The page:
There is considerable and mounting evidence that the materialism that Darwinism supports is not true, either. But determining what is true could take decades or centuries. The ID guys are making a start. I don't have a science background, so I do not attempt to evaluate their assumptions in technical detail.

My main stake in this controversy is to promote a more responsible debate, less dependent on the US culture wars.

But if you think for a moment that I am less likely to be attacked by materialists, Darwoids, et cetera, on that account, well, google my name and see what you come up with.

I am a traditional Catholic, so I don't even interpret the Scriptures in any way similar to the usually fundamentalist YECs. If I started a row with YEC, it would have to be over Scriptural issues as I have no familiarity with the technical issues. I am not a trained theologian either, but many years of Bible reading and Bible study offer some modest benefits.

Thus, I would have a big fight on my hands with members of another communion that would serve no purpose except to divide Christians.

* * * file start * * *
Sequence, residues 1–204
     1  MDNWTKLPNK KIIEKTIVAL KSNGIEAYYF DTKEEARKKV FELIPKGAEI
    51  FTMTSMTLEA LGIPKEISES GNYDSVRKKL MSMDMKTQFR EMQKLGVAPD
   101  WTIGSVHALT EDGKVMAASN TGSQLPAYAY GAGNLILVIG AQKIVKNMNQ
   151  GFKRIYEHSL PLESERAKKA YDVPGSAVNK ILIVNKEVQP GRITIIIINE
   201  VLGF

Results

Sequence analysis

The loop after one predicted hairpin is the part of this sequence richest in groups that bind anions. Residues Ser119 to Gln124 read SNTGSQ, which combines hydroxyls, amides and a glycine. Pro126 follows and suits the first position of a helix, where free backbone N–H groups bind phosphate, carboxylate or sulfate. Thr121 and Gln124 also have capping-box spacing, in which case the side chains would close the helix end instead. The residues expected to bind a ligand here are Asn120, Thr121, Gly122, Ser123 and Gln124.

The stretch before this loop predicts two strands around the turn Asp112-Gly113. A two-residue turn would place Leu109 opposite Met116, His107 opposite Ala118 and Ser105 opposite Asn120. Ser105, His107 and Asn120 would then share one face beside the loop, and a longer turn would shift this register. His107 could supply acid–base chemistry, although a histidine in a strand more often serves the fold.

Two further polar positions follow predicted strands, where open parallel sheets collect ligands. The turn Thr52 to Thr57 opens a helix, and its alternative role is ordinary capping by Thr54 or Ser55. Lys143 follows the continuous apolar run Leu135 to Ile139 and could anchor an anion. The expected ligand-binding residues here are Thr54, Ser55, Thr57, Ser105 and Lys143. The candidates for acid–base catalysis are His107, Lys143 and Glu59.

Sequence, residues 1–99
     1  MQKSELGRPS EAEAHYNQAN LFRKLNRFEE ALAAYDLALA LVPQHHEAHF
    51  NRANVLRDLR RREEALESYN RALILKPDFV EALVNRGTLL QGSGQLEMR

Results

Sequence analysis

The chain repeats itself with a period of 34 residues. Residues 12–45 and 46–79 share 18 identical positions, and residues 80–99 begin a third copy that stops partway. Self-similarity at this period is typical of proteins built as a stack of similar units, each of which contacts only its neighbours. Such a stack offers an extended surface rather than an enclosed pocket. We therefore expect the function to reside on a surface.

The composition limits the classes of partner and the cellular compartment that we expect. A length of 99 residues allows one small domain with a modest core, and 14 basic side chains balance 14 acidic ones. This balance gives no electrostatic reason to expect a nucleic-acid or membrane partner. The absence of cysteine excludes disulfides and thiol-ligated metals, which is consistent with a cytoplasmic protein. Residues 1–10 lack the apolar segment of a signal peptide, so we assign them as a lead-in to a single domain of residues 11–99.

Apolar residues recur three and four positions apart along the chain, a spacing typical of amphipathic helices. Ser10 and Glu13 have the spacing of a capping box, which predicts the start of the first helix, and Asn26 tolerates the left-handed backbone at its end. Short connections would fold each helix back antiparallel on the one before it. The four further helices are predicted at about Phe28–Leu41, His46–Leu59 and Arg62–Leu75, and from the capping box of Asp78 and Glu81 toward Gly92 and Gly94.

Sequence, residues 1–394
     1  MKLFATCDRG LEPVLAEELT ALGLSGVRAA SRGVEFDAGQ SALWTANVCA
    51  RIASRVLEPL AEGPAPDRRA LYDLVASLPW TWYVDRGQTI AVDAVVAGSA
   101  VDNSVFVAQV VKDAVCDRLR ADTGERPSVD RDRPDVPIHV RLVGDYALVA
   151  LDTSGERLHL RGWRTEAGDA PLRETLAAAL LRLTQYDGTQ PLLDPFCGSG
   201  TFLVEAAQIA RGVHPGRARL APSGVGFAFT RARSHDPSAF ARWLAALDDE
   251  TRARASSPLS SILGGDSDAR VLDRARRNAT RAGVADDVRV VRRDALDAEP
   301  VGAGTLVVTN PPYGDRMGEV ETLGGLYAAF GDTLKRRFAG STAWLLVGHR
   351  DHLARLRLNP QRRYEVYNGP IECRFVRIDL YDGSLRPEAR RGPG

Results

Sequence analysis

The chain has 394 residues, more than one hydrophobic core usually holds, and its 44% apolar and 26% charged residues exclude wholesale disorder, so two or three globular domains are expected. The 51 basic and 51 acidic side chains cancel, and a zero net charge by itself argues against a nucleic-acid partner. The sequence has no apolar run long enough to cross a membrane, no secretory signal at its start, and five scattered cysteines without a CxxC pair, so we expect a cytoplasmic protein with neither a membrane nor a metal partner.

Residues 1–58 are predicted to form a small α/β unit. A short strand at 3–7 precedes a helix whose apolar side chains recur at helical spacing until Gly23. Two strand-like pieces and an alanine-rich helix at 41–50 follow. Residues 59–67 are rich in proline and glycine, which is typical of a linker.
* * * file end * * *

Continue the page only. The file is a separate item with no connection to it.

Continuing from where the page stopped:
Apart from that, the reality is that all non-materialists have something in common that they do not share with materialists. I think that ID types of whatever flavour would do well to keep that in mind.

Re a poll, I suppose you'd have to ask people if they would participate and see what happens.

You might set up a blog for the purpose and invite contributors whose identity can be confirmed.*

One caution is that it takes some study to determine the questions whose answers would yield useful information (which I assume you've done or are doing).

For example, I remember a historian of science who once tried to get me to post on the Post-Darwinist what he assumed to be the positions of various ID types - I guess in an effort to draw them out. I wrote to them first, and a number wrote back and said, in essence, "No, that's not what I meant at ALL."

I didn't publish the historian's guesses, and he was a bit put out with me. But what could I do? I can't publish stuff I know is false.